How to Build a Dust Containment System

How to Build a Dust Containment System

A proper dust containment system can cut down on cleanup time and annoyance. It can even save a hospital from construction-related issues that might interfere with patient treatment.

Start with plastic sheeting and tape it to walls, ceilings, and a doorway threshold. Use dust barrier poles to help keep the plastic in place, and make sure it’s airtight.

Building a Temporary Plastic Wall

Building a Temporary Plastic Wall

Construction projects produce a lot of dust. From drywall sanding to demolition, every task generates airborne particles that can cause a variety of health issues.

Many contractors use plastic sheets to create a temporary barrier that keeps dust and debris contained. While this works well for a light-duty project, it doesn’t provide much durability.

Alternatively, you could use a temporary metal wall that provides better durability and protection from rain, strong winds and other weather conditions. These walls are also available in a range of sizes to provide different levels of protection.

Another option is to build a temporary construction dust wall with a system like STARC Systems RealWall. These walls are far more durable than a simple sheet of plastic, and they’re easy to set up and tear down. They’re also ICRA Class IV compliant. Add a heavy-duty zipper to your dust barrier for a more secure seal that’s easy to open and close.

Adding an Entryway

When you’re working on a project with low levels of dust, a fan blowing out the window can be used to keep your work area free of airborne particles. This method works especially well in open areas that allow air to flow freely.

A dust door is a great addition to any temporary plastic wall, keeping dust and other contaminants from entering the room. This can be especially important for healthcare facilities undergoing renovation or maintenance that requires ceiling access, check this site out.

Infection control is vital for hospitals, outpatient care centers, and long-term care facilities like nursing homes. These facilities often undergo construction or remodeling projects that involve ceiling access and drywall sanding, which can release fine dust particles into the atmosphere. A professional-looking, ICRA level-compliant soft wall dust barrier enclosure helps maintain infection prevention guidelines and protects the health of patients with weakened immune systems. It also makes a good first impression on observers of the facility.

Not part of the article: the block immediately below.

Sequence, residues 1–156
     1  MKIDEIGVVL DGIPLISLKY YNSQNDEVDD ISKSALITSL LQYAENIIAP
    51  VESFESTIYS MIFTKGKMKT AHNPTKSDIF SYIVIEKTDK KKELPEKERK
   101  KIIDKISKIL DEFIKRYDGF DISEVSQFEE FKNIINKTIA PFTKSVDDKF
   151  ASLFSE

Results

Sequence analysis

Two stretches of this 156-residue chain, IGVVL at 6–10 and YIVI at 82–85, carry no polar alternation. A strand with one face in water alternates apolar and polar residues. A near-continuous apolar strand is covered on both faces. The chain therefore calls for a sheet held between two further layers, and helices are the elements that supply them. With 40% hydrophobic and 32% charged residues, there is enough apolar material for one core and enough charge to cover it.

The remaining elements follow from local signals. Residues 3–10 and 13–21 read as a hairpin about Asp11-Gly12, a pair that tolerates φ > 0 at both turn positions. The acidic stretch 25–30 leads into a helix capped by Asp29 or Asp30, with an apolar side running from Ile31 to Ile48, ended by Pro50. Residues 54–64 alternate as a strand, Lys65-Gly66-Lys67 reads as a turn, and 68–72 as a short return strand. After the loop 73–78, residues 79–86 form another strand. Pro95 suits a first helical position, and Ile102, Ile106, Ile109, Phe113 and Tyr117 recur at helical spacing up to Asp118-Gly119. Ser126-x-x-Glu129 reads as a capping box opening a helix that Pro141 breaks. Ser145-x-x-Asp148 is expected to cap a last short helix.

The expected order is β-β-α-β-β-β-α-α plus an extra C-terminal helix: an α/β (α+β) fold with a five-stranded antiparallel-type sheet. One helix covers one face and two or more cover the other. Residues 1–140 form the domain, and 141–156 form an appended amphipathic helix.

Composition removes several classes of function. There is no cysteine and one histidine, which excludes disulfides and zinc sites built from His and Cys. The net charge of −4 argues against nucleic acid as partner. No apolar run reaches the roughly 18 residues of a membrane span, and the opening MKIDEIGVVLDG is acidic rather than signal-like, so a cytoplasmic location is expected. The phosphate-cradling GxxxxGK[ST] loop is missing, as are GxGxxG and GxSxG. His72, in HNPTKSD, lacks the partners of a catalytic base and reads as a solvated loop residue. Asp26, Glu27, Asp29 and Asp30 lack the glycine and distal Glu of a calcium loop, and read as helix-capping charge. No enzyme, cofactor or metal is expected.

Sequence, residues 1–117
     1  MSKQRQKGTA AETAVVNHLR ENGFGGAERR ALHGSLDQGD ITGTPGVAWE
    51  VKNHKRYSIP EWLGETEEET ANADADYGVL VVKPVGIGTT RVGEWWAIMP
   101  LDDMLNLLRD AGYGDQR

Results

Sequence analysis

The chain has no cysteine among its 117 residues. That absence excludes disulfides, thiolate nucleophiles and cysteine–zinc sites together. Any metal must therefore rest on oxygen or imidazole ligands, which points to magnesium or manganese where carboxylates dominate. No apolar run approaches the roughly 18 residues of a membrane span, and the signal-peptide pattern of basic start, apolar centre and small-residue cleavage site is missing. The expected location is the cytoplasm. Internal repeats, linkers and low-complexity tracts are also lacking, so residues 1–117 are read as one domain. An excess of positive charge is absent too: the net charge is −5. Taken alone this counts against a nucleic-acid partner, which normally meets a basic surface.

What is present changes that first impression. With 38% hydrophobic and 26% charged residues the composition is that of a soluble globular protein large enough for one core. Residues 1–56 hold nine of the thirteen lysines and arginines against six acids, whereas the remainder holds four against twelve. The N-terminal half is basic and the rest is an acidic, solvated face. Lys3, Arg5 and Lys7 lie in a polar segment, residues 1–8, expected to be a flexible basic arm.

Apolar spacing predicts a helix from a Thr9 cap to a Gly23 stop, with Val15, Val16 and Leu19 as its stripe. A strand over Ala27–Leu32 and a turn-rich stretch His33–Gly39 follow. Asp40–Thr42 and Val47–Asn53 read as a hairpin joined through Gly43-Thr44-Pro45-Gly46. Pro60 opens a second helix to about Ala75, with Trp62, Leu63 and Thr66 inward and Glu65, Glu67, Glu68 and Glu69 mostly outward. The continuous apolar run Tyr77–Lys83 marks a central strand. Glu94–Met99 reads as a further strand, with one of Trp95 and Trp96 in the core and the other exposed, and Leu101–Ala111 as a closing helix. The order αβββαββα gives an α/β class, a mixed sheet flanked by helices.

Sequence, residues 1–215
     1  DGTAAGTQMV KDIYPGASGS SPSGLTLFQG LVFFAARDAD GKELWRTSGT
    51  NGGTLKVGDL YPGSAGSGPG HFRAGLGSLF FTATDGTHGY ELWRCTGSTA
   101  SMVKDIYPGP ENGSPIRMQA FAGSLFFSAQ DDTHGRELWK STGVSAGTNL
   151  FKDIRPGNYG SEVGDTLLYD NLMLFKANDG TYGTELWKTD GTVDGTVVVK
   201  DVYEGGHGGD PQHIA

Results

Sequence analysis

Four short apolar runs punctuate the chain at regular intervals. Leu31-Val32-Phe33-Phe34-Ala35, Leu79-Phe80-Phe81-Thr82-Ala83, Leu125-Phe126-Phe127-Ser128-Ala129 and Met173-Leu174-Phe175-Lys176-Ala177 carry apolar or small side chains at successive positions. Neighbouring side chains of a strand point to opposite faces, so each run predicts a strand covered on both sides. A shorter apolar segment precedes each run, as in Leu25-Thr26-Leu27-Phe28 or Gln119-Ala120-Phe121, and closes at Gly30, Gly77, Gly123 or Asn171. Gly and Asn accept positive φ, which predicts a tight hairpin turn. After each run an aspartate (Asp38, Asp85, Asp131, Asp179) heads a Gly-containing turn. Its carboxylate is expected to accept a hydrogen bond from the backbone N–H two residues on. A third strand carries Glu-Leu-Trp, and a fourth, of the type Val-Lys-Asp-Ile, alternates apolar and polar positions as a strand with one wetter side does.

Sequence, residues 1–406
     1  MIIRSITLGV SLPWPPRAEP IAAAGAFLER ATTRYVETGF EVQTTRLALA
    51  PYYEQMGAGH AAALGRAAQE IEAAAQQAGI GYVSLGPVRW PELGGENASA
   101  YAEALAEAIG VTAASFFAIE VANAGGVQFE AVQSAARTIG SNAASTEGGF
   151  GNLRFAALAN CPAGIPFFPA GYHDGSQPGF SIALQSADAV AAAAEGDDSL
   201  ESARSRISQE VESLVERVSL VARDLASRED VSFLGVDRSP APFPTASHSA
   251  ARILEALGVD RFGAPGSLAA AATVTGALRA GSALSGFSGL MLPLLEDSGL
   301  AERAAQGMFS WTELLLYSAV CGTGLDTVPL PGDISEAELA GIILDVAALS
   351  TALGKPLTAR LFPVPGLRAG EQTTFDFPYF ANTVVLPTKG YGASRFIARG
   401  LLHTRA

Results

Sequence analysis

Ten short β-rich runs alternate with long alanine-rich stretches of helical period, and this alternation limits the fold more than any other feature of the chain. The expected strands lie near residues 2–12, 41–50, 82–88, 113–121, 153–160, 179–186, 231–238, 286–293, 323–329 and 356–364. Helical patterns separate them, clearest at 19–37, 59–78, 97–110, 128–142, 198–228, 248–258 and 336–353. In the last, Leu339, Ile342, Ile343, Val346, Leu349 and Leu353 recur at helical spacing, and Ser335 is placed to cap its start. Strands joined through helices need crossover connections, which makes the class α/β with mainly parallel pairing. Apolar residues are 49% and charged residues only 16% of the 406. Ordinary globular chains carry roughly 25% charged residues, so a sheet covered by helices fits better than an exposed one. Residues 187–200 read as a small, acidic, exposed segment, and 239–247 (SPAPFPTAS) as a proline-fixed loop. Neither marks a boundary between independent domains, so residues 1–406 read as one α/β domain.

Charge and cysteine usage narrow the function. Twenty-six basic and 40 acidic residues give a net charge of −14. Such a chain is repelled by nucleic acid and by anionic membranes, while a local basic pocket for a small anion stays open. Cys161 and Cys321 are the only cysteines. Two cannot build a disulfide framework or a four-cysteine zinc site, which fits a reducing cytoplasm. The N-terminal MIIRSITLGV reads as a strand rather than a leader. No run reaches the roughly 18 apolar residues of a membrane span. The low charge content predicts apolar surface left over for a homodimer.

Creating a Negative Pressure Room

Creating a Negative Pressure Room

This is an important step in any dust containment system. A properly functioning negative pressure room ensures that contaminated air can’t escape the space. It prevents microbes from entering the general airflow and infecting other patients, healthcare professionals, or visitors.

In hospital settings, it’s common to use negative pressure rooms for patient isolation, autopsy rooms, pharmacies, laboratories, decontamination spaces, and infectious isolation spaces. These rooms are designed to exhaust contaminated air outside of the room through HEPA filtered ductwork.

A simple smoke test can confirm a negative pressure room’s functionality. Close the door to the isolation room and stand in a corridor outside of the door. Then gently squeeze the bulb on a smoke tube to release a stream of smoke. If the smoke is sucked under the door, it means that air from the corridor is flowing into the isolation room. Setra FLEX can monitor and control multiple negative pressure rooms, providing detailed visibility into their conditions.

Adding a Dust Door

Adding an entryway to your dust containment system isn’t just about providing another point of air entry. It’s about mitigating dust, preventing it from spreading throughout the house, and saving your surfaces from damage.

Once you’ve secured the plastic sheeting wall at your access point, add a temporary dust door. Trimaco’s heavy-duty E-Z Up Zipper sticks to the plastic sheeting, allowing you to enter and exit your enclosure easily without the need to tape down the entire wall of the enclosure.


Once you have a sealed entrance to the dust barrier, consider requiring everyone to wear shoe covers. This prevents shoes from carrying dust from room to room and also helps maintain the integrity of your negative pressure rooms. Americover’s Foot Coverings also come in a variety of materials, including fire-retardant and antistatic. They’re a cost-effective way to help protect your floors, surfaces and workers from the hazards of dust. They’re available online and at many of your favorite hardware stores.

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